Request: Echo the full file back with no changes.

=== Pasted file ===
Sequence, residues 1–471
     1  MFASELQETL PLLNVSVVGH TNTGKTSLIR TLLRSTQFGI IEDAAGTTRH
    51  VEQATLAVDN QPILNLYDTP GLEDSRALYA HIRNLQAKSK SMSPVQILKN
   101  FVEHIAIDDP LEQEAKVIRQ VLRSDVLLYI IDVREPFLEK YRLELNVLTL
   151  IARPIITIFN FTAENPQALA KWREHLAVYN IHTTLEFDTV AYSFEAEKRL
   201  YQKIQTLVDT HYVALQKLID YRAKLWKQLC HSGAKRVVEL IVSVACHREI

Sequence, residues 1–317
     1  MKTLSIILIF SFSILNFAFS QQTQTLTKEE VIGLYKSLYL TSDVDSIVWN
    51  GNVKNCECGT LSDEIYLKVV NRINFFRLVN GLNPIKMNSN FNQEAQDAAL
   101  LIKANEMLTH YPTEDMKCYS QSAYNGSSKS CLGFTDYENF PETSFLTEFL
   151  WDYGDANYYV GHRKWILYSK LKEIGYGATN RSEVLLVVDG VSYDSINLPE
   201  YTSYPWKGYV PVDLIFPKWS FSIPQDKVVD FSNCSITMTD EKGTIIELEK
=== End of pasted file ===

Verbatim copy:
Sequence, residues 1–471
     1  MFASELQETL PLLNVSVVGH TNTGKTSLIR TLLRSTQFGI IEDAAGTTRH
    51  VEQATLAVDN QPILNLYDTP GLEDSRALYA HIRNLQAKSK SMSPVQILKN
   101  FVEHIAIDDP LEQEAKVIRQ VLRSDVLLYI IDVREPFLEK YRLELNVLTL
   151  IARPIITIFN FTAENPQALA KWREHLAVYN IHTTLEFDTV AYSFEAEKRL
   201  YQKIQTLVDT HYVALQKLID YRAKLWKQLC HSGAKRVVEL IVSVACHREI

Sequence, residues 1–317
     1  MKTLSIILIF SFSILNFAFS QQTQTLTKEE VIGLYKSLYL TSDVDSIVWN
    51  GNVKNCECGT LSDEIYLKVV NRINFFRLVN GLNPIKMNSN FNQEAQDAAL
   101  LIKANEMLTH YPTEDMKCYS QSAYNGSSKS CLGFTDYENF PETSFLTEFL
   151  WDYGDANYYV GHRKWILYSK LKEIGYGATN RSEVLLVVDG VSYDSINLPE
   201  YTSYPWKGYV PVDLIFPKWS FSIPQDKVVD FSNCSITMTD EKGTIIELEK